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I am writing a long-running program in the Linux environment that will be calculating entries in a large table. Every time it comes to the end of the row, it outputs the calculated values into a plaintext file.

To avoid having to continually reopen the file and append to it, I am considering just opening the file once and holding it open for the duration of the program.

I know that there is a limit on the maximum number of file descriptors that can be open at once, but is there a time limit on a single file descriptor being held for an extended period of time?


Note: The process I am running could potentially take a month or more to complete.

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  • If there was such a limit, your system would crash when it's reached as all processes have open files, starting with the first one (init) without which the system cannot run. Commented Nov 4, 2014 at 7:02
  • Excellent point: I'll accept this answer if you post it. Commented Nov 4, 2014 at 15:12

1 Answer 1

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If I understand you correctly, you are looking for some solution as suggested over here. So, as suggested in this answer, I wanted to see if there is an option using exec. So, when I did a google search linux append using file descriptor, I got this answer from user Gilles.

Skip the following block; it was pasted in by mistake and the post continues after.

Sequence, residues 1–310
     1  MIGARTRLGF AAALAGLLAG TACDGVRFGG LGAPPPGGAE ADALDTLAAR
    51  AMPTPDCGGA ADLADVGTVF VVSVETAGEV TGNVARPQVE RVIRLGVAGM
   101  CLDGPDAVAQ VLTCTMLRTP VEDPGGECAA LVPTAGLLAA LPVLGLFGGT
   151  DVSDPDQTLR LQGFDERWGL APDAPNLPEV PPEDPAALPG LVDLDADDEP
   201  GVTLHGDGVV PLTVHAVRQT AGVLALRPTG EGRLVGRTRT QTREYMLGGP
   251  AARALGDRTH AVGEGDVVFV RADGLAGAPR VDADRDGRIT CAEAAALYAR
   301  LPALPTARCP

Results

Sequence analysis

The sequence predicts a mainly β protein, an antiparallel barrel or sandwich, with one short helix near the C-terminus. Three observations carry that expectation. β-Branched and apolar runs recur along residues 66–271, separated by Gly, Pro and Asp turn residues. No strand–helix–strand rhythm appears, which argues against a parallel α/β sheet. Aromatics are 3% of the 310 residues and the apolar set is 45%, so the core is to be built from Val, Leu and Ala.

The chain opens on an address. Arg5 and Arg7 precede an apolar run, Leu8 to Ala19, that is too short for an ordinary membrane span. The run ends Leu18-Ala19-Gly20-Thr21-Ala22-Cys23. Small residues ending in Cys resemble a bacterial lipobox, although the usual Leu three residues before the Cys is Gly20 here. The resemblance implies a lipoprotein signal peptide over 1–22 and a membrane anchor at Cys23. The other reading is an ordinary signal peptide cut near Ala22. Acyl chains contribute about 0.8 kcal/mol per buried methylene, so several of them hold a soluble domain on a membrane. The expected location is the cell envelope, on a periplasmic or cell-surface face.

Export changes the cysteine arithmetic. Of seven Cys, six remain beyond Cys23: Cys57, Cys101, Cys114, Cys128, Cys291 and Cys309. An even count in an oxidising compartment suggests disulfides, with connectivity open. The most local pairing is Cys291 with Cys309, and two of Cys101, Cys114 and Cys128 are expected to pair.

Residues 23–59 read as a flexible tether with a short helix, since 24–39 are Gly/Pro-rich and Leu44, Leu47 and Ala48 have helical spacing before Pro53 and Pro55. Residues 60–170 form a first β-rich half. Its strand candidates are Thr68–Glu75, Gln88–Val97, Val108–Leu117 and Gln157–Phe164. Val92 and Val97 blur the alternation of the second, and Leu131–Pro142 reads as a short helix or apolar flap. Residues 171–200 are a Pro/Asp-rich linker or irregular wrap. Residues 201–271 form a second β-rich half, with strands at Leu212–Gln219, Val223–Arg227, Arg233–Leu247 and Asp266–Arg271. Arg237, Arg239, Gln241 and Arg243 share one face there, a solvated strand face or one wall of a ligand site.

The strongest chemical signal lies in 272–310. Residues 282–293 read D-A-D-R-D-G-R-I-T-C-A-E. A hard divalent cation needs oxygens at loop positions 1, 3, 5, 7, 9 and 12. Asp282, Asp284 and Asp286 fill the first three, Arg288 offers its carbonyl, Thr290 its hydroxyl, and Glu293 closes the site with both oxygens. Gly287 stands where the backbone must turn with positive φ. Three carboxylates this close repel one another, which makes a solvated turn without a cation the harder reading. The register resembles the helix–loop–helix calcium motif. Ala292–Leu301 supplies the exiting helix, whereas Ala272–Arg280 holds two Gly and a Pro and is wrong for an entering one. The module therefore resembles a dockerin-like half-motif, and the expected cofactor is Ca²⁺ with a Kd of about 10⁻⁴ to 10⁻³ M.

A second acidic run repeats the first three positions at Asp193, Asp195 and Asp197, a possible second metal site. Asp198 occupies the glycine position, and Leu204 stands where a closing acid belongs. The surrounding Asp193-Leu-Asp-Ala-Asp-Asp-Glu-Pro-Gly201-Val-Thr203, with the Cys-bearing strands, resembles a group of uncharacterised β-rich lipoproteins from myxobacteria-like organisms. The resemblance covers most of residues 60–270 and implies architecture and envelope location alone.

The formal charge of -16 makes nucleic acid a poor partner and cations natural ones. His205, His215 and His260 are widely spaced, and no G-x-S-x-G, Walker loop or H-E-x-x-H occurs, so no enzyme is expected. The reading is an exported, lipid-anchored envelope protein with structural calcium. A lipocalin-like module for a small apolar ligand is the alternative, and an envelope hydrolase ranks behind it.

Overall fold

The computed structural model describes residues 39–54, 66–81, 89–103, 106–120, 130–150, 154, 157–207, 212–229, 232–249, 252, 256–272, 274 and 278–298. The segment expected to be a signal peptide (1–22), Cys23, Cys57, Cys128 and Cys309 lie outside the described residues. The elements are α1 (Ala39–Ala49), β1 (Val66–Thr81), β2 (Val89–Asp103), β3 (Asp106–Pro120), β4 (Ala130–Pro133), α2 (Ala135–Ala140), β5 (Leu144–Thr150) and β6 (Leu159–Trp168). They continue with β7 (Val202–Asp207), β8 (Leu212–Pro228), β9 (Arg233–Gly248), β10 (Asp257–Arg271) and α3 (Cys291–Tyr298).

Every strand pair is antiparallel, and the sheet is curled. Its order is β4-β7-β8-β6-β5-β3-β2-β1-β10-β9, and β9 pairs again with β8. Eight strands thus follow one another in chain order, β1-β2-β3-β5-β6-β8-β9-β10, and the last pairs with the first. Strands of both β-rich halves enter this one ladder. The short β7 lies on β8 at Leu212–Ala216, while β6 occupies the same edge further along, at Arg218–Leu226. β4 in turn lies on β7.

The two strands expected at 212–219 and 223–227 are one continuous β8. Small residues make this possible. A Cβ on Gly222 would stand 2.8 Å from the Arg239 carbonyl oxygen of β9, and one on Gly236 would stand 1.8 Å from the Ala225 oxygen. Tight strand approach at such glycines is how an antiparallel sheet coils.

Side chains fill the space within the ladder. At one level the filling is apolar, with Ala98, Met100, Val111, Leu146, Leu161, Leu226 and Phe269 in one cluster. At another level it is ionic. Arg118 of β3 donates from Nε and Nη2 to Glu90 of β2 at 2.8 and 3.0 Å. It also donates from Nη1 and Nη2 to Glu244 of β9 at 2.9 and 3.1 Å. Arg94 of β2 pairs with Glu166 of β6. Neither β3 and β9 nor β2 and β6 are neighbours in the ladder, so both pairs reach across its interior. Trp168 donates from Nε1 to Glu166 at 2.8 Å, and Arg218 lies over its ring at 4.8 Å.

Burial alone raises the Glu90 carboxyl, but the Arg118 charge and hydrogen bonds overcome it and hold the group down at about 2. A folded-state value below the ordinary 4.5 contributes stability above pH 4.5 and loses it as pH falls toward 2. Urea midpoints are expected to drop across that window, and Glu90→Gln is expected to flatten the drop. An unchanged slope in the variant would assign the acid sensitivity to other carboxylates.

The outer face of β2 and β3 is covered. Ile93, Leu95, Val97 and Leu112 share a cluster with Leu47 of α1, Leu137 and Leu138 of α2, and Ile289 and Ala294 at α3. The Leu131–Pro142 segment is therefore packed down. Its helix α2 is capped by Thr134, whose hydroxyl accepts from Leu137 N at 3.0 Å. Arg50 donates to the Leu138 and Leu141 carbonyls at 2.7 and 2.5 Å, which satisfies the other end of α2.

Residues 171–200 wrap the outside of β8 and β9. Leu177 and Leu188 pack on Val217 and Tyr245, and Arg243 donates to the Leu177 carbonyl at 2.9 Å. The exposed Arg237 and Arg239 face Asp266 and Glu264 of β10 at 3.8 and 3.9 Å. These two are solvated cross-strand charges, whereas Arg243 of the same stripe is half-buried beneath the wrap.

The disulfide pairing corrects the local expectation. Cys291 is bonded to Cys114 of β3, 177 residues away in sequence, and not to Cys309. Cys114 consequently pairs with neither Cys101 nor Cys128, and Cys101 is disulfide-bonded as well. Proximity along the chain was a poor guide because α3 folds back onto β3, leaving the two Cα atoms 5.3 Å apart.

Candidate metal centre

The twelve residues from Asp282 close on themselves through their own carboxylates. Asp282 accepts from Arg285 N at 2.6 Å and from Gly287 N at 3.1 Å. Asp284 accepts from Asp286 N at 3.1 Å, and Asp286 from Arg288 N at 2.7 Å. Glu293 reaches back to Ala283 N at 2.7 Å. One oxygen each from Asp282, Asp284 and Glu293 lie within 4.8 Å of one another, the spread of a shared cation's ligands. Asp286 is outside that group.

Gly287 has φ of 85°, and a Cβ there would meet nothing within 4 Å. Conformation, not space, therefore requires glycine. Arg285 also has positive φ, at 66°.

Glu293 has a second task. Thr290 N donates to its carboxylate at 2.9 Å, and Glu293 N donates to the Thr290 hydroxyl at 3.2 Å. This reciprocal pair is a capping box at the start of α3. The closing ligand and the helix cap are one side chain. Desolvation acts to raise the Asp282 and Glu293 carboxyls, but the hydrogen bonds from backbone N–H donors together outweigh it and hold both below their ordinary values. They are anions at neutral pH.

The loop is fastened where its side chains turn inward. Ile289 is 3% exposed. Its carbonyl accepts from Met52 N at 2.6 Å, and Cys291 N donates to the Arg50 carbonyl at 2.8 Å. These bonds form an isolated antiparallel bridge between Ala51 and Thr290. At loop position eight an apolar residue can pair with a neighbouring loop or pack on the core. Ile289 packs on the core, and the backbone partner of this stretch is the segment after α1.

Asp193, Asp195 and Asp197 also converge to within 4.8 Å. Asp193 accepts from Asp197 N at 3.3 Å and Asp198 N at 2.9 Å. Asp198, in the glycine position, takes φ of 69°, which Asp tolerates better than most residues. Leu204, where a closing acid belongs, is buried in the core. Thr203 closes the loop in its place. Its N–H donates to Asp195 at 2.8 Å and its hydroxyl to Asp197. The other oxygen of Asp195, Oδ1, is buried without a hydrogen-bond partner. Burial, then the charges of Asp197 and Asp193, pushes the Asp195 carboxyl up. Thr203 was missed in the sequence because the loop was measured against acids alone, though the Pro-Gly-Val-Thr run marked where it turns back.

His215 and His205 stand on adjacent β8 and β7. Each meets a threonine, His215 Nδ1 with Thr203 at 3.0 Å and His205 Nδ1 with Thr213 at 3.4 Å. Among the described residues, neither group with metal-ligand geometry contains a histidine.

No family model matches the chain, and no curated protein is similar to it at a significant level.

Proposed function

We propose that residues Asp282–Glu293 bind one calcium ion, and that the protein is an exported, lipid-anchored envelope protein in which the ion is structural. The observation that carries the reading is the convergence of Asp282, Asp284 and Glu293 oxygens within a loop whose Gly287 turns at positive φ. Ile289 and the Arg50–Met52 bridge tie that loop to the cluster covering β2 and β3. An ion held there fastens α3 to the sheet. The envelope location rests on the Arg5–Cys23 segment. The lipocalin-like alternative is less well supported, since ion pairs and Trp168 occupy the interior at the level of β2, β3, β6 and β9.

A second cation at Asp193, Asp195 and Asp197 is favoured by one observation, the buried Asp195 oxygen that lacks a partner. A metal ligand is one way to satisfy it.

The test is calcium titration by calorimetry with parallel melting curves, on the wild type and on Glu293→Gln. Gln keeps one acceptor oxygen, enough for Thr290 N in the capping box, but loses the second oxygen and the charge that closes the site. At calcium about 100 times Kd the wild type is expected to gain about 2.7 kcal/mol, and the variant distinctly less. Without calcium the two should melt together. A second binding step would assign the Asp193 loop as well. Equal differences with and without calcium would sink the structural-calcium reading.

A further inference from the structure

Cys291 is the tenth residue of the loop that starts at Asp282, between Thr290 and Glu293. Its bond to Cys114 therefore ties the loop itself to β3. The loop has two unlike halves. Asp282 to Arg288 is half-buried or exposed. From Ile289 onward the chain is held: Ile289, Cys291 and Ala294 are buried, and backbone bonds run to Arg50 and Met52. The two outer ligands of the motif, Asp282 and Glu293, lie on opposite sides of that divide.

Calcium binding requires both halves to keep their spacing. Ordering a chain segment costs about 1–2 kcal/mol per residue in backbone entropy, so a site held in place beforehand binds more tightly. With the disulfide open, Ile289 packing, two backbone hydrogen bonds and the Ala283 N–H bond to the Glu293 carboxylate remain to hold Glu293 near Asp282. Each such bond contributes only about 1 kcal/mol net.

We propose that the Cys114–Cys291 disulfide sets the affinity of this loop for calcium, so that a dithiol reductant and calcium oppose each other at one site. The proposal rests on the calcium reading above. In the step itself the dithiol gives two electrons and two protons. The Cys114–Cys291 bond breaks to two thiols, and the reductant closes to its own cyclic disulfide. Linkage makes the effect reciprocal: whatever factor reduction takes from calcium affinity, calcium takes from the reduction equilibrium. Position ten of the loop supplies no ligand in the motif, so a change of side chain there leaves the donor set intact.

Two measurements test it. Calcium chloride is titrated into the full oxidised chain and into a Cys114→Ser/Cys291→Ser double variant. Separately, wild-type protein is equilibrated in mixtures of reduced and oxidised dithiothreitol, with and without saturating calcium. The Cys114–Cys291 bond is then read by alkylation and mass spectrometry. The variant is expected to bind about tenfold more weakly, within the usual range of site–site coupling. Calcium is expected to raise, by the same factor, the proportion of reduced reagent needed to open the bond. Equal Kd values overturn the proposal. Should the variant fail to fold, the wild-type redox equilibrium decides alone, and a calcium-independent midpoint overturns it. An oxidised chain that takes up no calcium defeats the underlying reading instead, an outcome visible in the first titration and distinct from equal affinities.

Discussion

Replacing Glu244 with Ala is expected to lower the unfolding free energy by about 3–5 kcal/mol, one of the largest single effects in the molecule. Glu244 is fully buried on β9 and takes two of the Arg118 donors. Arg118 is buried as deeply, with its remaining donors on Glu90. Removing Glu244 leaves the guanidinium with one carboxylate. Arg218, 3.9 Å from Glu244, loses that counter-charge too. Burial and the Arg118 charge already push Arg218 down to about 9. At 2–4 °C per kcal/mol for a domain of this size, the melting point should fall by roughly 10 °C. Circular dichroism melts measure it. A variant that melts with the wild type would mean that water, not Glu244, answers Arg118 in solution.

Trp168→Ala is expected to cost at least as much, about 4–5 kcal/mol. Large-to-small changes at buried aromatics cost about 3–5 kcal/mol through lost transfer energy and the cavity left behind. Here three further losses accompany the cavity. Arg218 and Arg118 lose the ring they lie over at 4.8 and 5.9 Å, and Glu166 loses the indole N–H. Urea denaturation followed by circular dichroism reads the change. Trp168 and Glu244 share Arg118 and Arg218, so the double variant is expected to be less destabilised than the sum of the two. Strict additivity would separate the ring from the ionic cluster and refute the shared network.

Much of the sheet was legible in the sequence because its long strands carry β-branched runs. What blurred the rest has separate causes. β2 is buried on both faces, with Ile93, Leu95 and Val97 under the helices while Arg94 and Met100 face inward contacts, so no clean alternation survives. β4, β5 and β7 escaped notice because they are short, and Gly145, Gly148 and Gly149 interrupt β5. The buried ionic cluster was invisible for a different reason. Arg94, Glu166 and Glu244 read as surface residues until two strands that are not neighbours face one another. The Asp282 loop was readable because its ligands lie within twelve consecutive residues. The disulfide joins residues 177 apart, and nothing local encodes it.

So the essence of his answer is what I believe you are looking for.

exec 5>/tmp/foo       # open /tmp/foo for writing, on fd 5
while true; do        # 
  echo "Hello" >&5    # write to fd 5, i.e. /tmp/foo
done                  # 

Regarding the maximum time the file descriptor can remain open, I believe as long as the loop terminates it will remain open as we are not closing the file descriptor here. You could find more information on that answer that I had linked to.

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  • To clarify, I was speaking more of a limit in the kernel, not how to do this programmatically from the shell. Commented Nov 4, 2014 at 15:14
  • @mattingly890, I know. That's what I have specified in my last paragraph. It will remain open as long as we are not closing the file descriptor. If you check the answer I linked, it discusses it in detail.
    – Ramesh
    Commented Nov 4, 2014 at 15:52
  • I appreciate your effort, but none of the questions or answers you linked to were clear and unequivocal about the behavior of the Linux kernel in my specific situation. I was not concerned about how to open a file indefinitely. I wanted a clear answer about whether the kernel had an internal time-to-live on open file descriptors. It is a case of mechanics vs behavior. Commented Nov 4, 2014 at 16:29
  • @mattingly890, agreed. I am just a curious learner trying to explore new things always. Sorry that this one did not answer your query :)
    – Ramesh
    Commented Nov 4, 2014 at 16:33
  • Has anyone found out about the time limit, theoretically or at least by trying?
    – Renato
    Commented Aug 4, 2019 at 8:59

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